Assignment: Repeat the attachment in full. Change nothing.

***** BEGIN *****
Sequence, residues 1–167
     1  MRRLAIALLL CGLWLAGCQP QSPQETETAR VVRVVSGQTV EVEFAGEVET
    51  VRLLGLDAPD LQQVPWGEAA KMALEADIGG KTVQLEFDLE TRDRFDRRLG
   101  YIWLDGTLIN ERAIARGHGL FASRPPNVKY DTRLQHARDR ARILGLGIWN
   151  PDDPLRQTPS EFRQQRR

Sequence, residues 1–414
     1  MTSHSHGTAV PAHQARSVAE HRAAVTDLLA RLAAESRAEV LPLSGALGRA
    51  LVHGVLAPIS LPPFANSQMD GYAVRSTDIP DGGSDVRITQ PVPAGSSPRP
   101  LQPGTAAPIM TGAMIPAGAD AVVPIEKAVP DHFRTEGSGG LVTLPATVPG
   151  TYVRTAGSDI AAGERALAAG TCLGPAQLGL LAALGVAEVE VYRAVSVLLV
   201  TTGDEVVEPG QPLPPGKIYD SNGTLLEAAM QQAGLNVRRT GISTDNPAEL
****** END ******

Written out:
Sequence, residues 1–167
     1  MRRLAIALLL CGLWLAGCQP QSPQETETAR VVRVVSGQTV EVEFAGEVET
    51  VRLLGLDAPD LQQVPWGEAA KMALEADIGG KTVQLEFDLE TRDRFDRRLG
   101  YIWLDGTLIN ERAIARGHGL FASRPPNVKY DTRLQHARDR ARILGLGIWN
   151  PDDPLRQTPS EFRQQRR

Sequence, residues 1–414
     1  MTSHSHGTAV PAHQARSVAE HRAAVTDLLA RLAAESRAEV LPLSGALGRA
    51  LVHGVLAPIS LPPFANSQMD GYAVRSTDIP DGGSDVRITQ PVPAGSSPRP
   101  LQPGTAAPIM TGAMIPAGAD AVVPIEKAVP DHFRTEGSGG LVTLPATVPG
   151  TYVRTAGSDI AAGERALAAG TCLGPAQLGL LAALGVAEVE VYRAVSVLLV
   201  TTGDEVVEPG QPLPPGKIYD SNGTLLEAAM QQAGLNVRRT GISTDNPAEL